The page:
At the same time, European Countries has taken bold steps as after the Roe v. Wade (410US 113 (1973)) case, American and European nations started to legalise the act of abortion. Since the 1970s, many countries have liberalized their abortion laws over the last thirty years. The Roe case was later changed by the US Supreme Court in Planned Parenthood v. Casey, which now ties the validity of abortion laws to the viability of the foetus rather than the strict third trimester test defined in Roe. A wind of change blew in India on the subject matter of adoption post the developments in other nations of world. On August 25, 1964, the Central Family Planning Board in India recommended that the Ministry of Health form a committee to research the need for abortion legislation. The recommendation was implemented in the latter half of 1964, with representatives from various Indian public and private organizations joining a committee named Shantillal Shah Committtee. Following the recommendations of this committee the government passed the Medical Termination of Pregnancy Act, 1971 and give a sigh of relief to Indian women by liberalising the abortions laws in India.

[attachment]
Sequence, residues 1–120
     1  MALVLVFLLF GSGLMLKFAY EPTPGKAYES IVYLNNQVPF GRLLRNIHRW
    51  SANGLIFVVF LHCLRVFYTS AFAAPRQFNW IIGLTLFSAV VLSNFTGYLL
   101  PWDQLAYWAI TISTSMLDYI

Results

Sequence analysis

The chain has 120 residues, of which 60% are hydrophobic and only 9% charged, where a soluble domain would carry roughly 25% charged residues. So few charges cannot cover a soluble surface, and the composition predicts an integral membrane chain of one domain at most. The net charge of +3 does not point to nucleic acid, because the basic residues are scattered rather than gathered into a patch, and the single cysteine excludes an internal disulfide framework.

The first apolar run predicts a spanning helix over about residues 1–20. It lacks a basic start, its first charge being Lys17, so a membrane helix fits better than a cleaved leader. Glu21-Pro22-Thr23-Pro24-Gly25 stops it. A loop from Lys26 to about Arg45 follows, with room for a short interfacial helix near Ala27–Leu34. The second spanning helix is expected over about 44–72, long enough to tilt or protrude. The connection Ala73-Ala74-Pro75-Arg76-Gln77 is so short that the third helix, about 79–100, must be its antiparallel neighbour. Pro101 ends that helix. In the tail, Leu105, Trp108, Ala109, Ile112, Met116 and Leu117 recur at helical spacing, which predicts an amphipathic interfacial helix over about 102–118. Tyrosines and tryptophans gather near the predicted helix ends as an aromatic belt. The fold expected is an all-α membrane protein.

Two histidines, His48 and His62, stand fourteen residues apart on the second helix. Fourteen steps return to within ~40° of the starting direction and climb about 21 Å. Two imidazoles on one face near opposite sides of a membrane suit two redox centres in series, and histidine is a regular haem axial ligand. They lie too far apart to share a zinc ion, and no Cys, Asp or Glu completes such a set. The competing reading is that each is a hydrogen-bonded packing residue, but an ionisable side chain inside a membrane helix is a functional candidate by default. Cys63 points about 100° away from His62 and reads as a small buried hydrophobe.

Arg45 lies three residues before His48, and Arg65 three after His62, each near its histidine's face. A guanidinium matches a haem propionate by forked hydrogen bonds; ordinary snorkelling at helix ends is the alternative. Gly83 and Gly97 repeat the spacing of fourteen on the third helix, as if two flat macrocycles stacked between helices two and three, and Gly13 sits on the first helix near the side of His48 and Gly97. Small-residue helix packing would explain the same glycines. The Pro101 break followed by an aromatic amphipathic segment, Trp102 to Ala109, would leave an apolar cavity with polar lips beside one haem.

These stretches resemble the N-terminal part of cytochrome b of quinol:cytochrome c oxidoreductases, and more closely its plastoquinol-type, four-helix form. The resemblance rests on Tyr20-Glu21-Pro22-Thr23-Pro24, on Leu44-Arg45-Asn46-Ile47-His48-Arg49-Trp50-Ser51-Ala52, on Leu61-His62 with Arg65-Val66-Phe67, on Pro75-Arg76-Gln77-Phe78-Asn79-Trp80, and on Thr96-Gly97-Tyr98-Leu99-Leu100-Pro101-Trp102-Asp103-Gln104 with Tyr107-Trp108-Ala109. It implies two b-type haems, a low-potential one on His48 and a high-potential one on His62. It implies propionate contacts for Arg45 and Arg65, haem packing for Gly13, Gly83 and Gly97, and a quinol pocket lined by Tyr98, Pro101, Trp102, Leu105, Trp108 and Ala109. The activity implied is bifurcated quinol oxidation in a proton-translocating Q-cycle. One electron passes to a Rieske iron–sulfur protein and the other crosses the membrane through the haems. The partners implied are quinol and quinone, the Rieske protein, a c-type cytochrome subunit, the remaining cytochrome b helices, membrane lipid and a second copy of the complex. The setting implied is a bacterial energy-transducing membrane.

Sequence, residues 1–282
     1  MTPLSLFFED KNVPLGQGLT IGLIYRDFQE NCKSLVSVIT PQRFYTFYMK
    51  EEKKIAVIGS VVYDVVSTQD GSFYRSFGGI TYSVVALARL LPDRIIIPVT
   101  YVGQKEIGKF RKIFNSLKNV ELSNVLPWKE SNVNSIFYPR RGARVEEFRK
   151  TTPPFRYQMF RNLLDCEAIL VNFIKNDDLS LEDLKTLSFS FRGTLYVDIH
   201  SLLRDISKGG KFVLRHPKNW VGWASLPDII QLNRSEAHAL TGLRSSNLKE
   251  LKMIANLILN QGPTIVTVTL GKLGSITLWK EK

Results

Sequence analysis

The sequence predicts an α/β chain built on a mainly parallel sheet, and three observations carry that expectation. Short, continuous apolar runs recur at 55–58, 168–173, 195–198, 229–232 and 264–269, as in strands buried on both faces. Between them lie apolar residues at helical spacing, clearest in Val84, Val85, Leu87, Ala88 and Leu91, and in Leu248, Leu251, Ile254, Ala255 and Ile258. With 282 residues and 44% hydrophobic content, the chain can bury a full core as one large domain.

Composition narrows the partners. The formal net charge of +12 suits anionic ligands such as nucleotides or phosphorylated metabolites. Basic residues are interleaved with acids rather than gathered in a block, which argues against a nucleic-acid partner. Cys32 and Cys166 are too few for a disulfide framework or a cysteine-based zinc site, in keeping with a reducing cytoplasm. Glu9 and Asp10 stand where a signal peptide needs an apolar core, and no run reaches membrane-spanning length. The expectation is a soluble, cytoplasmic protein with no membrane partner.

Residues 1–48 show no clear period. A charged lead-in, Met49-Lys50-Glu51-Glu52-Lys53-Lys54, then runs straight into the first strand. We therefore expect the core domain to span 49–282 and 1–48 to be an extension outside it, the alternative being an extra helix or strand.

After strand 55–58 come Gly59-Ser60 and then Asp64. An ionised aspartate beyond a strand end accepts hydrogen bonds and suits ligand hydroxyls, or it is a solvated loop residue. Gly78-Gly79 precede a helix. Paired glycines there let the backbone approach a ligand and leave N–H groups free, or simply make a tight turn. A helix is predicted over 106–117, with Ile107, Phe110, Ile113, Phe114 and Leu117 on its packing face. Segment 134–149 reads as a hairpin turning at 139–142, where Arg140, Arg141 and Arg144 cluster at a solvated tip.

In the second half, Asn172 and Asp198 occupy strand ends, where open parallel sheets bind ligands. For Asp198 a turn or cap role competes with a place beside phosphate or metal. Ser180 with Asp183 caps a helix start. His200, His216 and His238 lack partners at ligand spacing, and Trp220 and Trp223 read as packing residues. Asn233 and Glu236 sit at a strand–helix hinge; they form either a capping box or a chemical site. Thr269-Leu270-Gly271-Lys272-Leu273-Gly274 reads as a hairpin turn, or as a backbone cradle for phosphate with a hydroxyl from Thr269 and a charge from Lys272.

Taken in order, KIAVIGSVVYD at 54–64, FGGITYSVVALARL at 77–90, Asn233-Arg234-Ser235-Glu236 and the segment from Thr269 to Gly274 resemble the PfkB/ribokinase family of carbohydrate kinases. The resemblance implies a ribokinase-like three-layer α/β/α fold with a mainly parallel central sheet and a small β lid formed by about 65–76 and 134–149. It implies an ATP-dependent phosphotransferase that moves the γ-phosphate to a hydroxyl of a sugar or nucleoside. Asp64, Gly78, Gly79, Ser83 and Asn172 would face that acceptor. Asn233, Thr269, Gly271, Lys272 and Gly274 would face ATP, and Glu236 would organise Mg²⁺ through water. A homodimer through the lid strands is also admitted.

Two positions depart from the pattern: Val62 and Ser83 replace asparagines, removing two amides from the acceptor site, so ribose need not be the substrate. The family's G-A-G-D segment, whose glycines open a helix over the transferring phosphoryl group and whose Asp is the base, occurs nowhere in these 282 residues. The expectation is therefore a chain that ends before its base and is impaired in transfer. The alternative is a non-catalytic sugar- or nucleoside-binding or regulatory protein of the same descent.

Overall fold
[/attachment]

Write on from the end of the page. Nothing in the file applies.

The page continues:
Decoding the Bill and further aspects: Crystal Clear Understanding

The latest development that is recommended in the Act of 1971 is proposed via Medical Termination of Pregnancy (Amendment) Bill, 2021 as it was passed by Rajya Sabha on 16th March 2021, just after the 8 days of International Women’s day celebration, is it a gift or just an oxymoron and a symbolic relief by the patriarchal society. The Bill was already approved in Lok Sabha on 17th March 2020.

In India, foetus removal (Abortion) has been permitted in restricted conditions since the Medical Termination of Pregnancy (MTP) Act 1971 was passed, making a special case for the offense of foetus removal under the Indian Penal Code, 1860. The law's main role was populace control and family planning1 and it does not have a rights-based structure. The law is specialist driven and over-medicalises fetes removal, stripping pregnant people of their entitlement to substantial and decisional independence and vesting the choice to cut short with the specialist. The new bill introduces some watershed changes for the rights of women and better healthcare but sadly the instant Bill fails to measure up to the Supreme Court’s existing reproductive jurisprudence that is developed with time and further, it fails in aspect of the fundamental rights to autonomy, privacy and bodily integrity.